By Jenna McLaughlin
[Ed. Note: Check out the video of PPJC’s recent forum on the FBI vs Apple case]
As Apple fights a judge’s order to help the government hack an iPhone used by San Bernardino killer Syed Rizwan Farook, interested parties are weighing in with legal briefs and letters.
Perhaps the most powerful submission so far is a letter sent by Salihin Kondoker, whose wife is a survivor of the holiday party rampage that left 14 dead. She was shot three times.
But Kondoker isn’t mad at Apple for refusing to comply with the order.
“In the wake of this terrible attack, I believe strongly we need stronger gun laws. It was guns that killed innocent people, not technology,” he wrote.
I believe privacy is important and Apple should stay firm in their decision. Neither I, nor my wife, want to raise our children in a world where privacy is the tradeoff for security. I believe this case will have a huge impact all over the world. You will have agencies coming from all over the world to get access to the software the FBI is asking Apple for. It will be abused all over to spy on innocent people. America should be proud of Apple. Proud that it is an American company and we should protect them not try to tear them down.
Reuters reported last month that some victims were planning to back the FBI.
Other parties filing letters and briefs include digital and civil rights groups, trade groups, cryptographers and technologists, and technology companies.
A collection of Internet service companies that includes Twitter, DropBox, Kickstarter, CloudFlare, and Reddit warned that the government’s demand “would set a dangerous precedent, creating a world in which the government could simply force companies to create, design, and redesign their systems to allow law enforcement access to data, instead of requiring the government to use the measures, and meet the requirements, of legislatively enacted statutory schemes.”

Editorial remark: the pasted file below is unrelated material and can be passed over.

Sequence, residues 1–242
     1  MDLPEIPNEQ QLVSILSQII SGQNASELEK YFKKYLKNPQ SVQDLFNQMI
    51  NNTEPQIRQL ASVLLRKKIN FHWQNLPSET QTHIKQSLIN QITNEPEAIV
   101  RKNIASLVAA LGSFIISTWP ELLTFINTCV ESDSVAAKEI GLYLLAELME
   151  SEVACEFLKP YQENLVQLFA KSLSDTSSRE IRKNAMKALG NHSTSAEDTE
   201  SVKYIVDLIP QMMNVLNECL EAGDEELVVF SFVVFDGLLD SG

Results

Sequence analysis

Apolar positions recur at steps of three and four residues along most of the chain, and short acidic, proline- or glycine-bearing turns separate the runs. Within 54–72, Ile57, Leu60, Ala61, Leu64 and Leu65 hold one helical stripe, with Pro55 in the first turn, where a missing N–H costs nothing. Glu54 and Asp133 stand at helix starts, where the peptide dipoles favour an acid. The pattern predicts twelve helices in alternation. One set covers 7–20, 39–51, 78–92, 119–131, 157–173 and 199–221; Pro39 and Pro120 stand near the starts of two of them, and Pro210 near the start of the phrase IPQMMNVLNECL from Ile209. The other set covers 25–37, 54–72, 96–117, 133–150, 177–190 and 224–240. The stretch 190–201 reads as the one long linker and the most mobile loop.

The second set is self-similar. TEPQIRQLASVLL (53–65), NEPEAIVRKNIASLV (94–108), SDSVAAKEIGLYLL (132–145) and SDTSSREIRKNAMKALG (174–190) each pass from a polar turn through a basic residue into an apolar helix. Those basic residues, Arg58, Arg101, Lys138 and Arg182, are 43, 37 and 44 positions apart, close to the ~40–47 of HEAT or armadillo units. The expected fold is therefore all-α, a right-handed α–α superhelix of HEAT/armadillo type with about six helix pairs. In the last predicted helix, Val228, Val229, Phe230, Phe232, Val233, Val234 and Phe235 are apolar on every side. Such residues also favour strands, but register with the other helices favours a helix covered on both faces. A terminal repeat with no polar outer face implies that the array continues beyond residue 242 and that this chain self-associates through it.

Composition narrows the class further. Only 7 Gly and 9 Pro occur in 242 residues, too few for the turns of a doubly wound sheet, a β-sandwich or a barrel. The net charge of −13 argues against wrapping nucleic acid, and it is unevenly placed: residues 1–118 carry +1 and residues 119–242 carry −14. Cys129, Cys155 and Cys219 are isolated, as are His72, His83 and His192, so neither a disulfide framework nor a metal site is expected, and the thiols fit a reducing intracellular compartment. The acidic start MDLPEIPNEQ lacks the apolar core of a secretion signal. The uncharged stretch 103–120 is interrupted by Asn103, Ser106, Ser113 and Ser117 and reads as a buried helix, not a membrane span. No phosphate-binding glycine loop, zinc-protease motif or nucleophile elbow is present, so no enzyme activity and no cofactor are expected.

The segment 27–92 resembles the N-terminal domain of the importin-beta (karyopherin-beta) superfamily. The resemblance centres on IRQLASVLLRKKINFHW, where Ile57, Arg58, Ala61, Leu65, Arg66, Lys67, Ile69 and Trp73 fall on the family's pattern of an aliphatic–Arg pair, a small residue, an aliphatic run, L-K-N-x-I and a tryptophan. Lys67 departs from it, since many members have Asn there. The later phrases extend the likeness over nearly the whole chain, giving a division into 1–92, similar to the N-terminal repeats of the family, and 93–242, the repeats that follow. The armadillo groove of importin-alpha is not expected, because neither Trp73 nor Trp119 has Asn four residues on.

Cryptographers, including Harvard’s Bruce Schneier, explained that the software Apple is being asked to develop could easily be used on other iPhones if stolen or demanded by a foreign government. “If that happens, the custom code could be used by criminals and governments to extract sensitive personal and business data from seized, lost, or stolen iPhones, or it could be reverse engineered, giving attackers a stepping stone on the path towards their goal of defeating Apple’s passcode security.”
David Kaye, United Nations special rapporteur on the promotion and protection of the right to freedom of opinion and expression, shared his concern “that the subject order implicates the security, and thus the freedom of expression, of unknown but likely vast numbers of people, those who rely on secure communications.”
“Deliberately compromised digital security would undermine human rights around the globe,” wrote attorneys representing Access Now, a digital rights group, and Wickr, a secure communications platform.